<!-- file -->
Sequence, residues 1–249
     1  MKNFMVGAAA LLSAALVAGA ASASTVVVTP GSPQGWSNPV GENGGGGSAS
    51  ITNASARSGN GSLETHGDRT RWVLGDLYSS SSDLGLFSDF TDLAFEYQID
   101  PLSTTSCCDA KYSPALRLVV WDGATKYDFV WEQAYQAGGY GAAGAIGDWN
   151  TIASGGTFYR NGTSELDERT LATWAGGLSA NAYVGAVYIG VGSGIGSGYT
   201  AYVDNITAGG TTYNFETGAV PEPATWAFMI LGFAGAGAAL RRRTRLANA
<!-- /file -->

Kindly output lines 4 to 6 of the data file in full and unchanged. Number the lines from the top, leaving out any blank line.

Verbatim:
   101  PLSTTSCCDA KYSPALRLVV WDGATKYDFV WEQAYQAGGY GAAGAIGDWN
   151  TIASGGTFYR NGTSELDERT LATWAGGLSA NAYVGAVYIG VGSGIGSGYT
   201  AYVDNITAGG TTYNFETGAV PEPATWAFMI LGFAGAGAAL RRRTRLANA